Historically Anguilla never enjoyed the prosperity of some of its neighbors, most notably St. Kitts, Nevis and even St. Eustatius—all of which were immensely rich at some point in the 17th and 18th century. Unlike the Dutch, the British found little purpose for possessions in the Caribbean that could not successfully be turned into single-crop plantations, and despite repeated efforts with tobacco, cotton and eventually also sugar cane Anguilla never did thrive on the back of its produce.
Consequently, the island struggled for centuries, with locals fending off famine, drought and neglect on a regular basis. Anguillians, however, resisted the temptation to move (or be moved) elsewhere, and found a way to persevere. This long and at times tortuous journey has left its mark in just about every aspect of Anguilla’s life, in its configuration and land distribution, in the density of its population and its demographics. In other words, in the very characteristics that make of Anguilla an irresistible proposition.
One of the defining traits handed down to Anguilla by its troubled past is the fact that there is no clear urban center on the island—Anguilla is, so to speak, a single extended periphery. Nominally The Valley is the nation’s capital, but since trade was hardly ever prominent on Anguilla, and the population, also the slave one, always sparse, the “city” is just a series of buildings scattered over an ample expanse of land. There are no shanty towns in The Valley, no makeshift homes of rickety galvanized, there aren’t even housing estates or lower-income neighborhoods. Here, again, Anguilla turns the deficiencies of the past into the advantages of the present—a knack that might well be more precious than the island’s celebrated beaches.
To think of The Valley as the capital of a semi-independent country is to fall prey to several misnomers—and that is even before considering Anguilla’s legal status. Firstly, there is no valley to speak of in Anguilla: the island is flat all around, and even if the northern coast is at times adorned with handsome bluffs, none of them towers above Crocus Hill, which peaks at a dizzying 213 feet. Similarly, the capital of Anguilla is as ill defined as any metropolis, except that along with clear boundaries it also lacks the high density of population, stress and activity—the hustle and bustle—that is usually associated with the word capital.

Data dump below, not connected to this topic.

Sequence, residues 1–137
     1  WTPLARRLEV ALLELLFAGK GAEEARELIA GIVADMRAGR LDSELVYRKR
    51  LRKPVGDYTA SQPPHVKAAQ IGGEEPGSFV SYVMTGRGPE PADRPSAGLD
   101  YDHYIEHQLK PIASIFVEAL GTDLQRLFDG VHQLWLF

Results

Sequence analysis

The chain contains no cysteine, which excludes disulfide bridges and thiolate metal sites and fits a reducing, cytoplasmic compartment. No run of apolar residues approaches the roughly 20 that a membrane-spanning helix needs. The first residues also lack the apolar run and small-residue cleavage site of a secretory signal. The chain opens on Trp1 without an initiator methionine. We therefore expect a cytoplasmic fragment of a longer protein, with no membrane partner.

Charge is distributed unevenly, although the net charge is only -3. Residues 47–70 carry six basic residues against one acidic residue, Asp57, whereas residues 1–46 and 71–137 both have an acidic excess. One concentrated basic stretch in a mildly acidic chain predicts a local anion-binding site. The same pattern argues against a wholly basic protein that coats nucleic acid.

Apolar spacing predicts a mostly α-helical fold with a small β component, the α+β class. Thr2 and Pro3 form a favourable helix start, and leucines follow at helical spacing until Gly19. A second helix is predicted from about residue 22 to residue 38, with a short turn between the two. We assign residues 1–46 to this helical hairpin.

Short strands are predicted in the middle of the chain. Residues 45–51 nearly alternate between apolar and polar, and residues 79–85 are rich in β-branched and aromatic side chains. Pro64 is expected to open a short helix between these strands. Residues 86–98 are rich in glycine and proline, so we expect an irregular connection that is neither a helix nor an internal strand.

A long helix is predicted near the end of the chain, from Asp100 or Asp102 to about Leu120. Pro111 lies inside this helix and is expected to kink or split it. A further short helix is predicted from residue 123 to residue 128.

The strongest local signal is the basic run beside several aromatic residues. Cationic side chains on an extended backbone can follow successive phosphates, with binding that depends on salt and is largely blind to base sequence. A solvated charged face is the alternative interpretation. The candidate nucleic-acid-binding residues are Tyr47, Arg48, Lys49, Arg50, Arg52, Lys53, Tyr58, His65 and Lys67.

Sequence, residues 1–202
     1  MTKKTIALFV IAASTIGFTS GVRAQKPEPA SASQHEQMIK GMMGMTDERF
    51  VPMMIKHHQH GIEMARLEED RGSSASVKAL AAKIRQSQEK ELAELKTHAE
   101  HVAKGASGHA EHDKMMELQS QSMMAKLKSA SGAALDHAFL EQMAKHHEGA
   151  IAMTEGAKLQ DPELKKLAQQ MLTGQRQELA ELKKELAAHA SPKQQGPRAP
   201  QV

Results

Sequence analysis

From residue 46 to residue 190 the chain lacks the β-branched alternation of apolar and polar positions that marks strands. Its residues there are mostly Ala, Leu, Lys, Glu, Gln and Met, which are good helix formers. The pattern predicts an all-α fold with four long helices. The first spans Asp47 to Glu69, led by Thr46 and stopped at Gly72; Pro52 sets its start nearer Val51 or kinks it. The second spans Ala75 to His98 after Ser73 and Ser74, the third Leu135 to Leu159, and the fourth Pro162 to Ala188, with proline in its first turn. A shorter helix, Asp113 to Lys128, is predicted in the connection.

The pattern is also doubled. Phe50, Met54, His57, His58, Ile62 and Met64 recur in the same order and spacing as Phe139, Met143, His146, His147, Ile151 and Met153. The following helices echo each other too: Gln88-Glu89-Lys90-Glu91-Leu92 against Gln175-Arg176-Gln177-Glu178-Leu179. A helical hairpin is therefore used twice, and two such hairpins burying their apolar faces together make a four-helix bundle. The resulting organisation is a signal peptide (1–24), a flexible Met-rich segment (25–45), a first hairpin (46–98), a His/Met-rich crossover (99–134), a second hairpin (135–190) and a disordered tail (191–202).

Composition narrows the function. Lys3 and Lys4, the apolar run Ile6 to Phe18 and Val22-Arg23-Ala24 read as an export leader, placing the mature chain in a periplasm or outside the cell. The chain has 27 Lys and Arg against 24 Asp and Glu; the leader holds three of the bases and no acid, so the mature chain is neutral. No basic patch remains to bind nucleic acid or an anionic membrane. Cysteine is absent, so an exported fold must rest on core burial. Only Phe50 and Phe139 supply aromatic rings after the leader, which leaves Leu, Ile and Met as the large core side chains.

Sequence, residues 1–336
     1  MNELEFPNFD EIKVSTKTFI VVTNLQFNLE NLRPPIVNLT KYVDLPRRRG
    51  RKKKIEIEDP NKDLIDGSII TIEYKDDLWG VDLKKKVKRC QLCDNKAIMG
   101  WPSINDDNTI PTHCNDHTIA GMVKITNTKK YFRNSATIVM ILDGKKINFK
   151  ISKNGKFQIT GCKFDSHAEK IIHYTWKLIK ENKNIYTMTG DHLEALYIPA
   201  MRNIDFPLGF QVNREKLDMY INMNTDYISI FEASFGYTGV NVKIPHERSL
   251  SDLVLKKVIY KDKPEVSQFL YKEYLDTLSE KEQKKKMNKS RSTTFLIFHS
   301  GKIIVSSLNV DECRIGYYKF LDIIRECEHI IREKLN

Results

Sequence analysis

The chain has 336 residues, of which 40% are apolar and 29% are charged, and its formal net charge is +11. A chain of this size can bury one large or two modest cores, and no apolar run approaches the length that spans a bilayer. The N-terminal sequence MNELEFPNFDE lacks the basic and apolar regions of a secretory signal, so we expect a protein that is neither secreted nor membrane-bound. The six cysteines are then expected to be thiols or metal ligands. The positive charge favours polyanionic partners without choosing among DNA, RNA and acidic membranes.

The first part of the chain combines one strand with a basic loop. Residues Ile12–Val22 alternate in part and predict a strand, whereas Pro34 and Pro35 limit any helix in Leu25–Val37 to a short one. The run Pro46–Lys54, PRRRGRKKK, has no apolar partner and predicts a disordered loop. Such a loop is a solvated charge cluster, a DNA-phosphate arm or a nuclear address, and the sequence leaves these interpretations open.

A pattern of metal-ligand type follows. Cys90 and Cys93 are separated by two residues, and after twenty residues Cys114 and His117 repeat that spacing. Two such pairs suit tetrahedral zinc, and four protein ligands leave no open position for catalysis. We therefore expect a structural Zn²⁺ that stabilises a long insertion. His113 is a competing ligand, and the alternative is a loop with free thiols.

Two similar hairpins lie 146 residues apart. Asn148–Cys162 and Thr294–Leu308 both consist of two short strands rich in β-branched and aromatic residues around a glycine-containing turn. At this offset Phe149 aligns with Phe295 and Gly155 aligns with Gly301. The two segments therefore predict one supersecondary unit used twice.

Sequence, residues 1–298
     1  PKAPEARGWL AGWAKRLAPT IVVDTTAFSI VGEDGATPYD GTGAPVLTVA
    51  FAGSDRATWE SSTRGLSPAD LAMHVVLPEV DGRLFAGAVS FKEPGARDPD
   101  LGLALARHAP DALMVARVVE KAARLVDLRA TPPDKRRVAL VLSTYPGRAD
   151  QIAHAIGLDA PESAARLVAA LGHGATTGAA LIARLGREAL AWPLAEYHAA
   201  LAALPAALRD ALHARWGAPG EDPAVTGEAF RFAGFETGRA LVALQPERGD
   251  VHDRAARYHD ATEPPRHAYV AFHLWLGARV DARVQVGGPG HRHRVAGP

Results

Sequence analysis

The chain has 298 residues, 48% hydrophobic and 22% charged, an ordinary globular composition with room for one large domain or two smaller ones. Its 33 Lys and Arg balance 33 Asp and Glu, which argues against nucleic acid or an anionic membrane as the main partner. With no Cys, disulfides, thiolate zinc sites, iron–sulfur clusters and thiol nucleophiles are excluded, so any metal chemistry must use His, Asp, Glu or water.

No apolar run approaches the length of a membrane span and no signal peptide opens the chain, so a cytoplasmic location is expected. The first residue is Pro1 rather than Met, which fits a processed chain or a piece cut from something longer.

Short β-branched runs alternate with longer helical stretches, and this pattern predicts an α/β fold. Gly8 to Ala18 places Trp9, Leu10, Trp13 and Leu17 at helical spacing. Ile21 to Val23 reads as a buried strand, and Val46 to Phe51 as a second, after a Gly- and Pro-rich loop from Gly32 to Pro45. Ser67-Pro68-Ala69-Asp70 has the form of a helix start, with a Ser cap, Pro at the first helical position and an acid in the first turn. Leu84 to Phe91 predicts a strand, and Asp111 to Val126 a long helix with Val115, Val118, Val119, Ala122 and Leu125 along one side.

The Valley does indeed run downhill from the top of Crocus Hill, occupying a rather fluid area that blends with Cedar Village to the northwest and North Side to the north, Stoney Ground to the northeast, Latin Quarter to the east and Wallblake to the south. In between all these areas there are a number of landmarks—Government Corner, the post office and St. Mary’s Anglican Church on the one hand, the former government house, Ebenezer Methodist Church and the farms on the other, the stadium heading out of town, the hospital further north, the library towards the east—separated by plenty of daylight, and yet held together by the hint that this truly is Anguilla’s version of an administrative center.
For all the attributes The Valley fails to share with other capitals in the region there is one it has in common with just about every one of them: traffic. In the 21st century Anguillians have been able to purchase cars at a pace far exceeding the government’s ability to expand the island’s network of roads. Not that there is ever gridlock in Anguilla, but the slow-moving file of cars approaching from George Hill early in the morning or the chaotic flow of vehicles darting this way and that on the Valley Road late in the afternoon is the closest it ever comes to rush hour in Anguilla.
After all, The Valley might not be cosmopolitan or even terribly urban but there’s still a bit of buzz about this place—something utterly distinctive, a flair, a feel, this certain je ne sais quoi that continuously reminds you that you’re no longer at the beach, even if you’re never too far away from the next frozen daiquiri. Like Anguilla, The Valley is full of contrasts and contradictions, a town built on a mold from a different century which leads a nation’s path into the future, a place that can only be functional through disorder, a capital that embraces its provincial roots as something to be cherished.